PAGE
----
5) Lose drugs that block weight loss–Obviously, this should be undertaken with the knowledge of your healthcare provider. Beta blockers, such as metoprolol, atenolol, and propranolol; antidepressants like amitryptiline, doxepin, paroxetine (Paxil), and trazodone, thought nearly all antidepressants have been associated with weight gain in some people; Lyrica for fibromyalgia and pain; and insulin. I’ve seen 20, 30, even 50+ pounds gained within several months of initiating long-acting insulin preparations like Lantus. This is only a partial list, as there are many others.
6) Straighten out cortisol–Not so much excess cortisol as disruptions of circadian rhythm. Cortisol should surge in the morning, part of the process to arouse you from sleep, then decline to lower levels in the evening to allow normal recuperative sleep. But this natural circadian cycling is lost in many people represented, for instance, as a flip-flopping of the pattern with low levels in the morning (with morning fatigue) and high levels at bedtime (with insomnia), which can result in stalled weight loss or weight gain. Cortisol status therefore needs to be assessed, best accomplished with salivary cortisol assessment.
7) Get adequate sleep–Sleep deprivation increases adrenaline, cortisol, and insulin, while increasing appetite, all of which add up to stalled weight loss or weight gain. Adequate sleep, occurring in 90-minute “packages” (e.g., 7 1/2 hours, 9 hours) is crucial. (Note that chronic sleep deprivation can even increase mortality–death.)
8) Fast intermittently–Intermittent fasting of, say, 15-48 hours in duration, can be a wonderful way to break a weight loss plateau. However, this is best undertaken after you’ve confidently removed all wheat, concluded your wheat withdrawal experience, and all the above strategies have been explored and squared away. Be sure to hydrate vigorously, as dehydration is the most common reason for failing and experiencing symptoms like lightheadedness, nausea, and unexplained fatigue. (People with diabetes or hypertension need to talk to their healthcare provider about the advisability of taking their drugs during a fast.) Also, Intermittent fasting should not be confused with the habitual skipping of meals, e.g., always skipping breakfast; habitual and consistent meal skipping actually causes weight gain. If you skip meals, do so in an unpredictable and random pattern, so that your body does not adjust and ratchet down its metabolic rate.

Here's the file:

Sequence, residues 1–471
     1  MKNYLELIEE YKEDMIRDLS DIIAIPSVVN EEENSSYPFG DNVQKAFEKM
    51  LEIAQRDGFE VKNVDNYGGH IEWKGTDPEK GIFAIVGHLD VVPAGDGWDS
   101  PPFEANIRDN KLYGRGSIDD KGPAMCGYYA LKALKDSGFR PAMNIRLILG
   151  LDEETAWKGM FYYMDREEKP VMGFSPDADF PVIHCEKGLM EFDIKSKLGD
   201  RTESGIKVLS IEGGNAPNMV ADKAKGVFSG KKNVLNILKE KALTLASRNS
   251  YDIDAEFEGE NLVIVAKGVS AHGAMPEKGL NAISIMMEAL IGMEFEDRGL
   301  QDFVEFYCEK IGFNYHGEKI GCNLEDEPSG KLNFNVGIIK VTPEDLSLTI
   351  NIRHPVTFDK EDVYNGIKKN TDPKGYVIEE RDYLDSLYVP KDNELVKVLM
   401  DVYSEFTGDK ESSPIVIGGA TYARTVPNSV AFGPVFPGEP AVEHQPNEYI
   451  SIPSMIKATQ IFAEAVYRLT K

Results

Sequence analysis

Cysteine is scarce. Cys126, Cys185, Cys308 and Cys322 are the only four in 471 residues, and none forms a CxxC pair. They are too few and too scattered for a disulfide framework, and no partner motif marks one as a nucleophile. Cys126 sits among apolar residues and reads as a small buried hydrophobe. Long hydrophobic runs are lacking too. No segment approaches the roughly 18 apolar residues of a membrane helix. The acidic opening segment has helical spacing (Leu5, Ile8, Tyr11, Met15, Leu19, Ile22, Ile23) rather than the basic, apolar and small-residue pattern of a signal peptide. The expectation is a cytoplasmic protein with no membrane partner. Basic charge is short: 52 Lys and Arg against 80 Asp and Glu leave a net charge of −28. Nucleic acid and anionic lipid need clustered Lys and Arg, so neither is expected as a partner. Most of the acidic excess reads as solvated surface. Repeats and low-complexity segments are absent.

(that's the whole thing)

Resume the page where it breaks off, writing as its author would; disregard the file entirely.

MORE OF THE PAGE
9) Drink coffee–By no means a big effect, else all coffee drinks would be skinny. But 2-3 cups per day of caffeinated coffee, via caffeine and possibly chlorogenic acid (below), can yield a modest weight reduction.
Beyond this, there are the speculative relationships between bowel flora and weight, with some data, such as this trial of fructooligosaccharides (prebiotic inulin) resulting in modest weight loss. At present, however, the precise species of bowel bacteria that facilitate weight loss and/or prevent weight gain have not been worked out. Other supplements, such as green coffee bean extract/chlorogenic acid, white bean extract to block carbohydrate digestion, and medium-chain triglycerides have shown effects in limited trials, though I have not witnessed substantial effects in people trying them.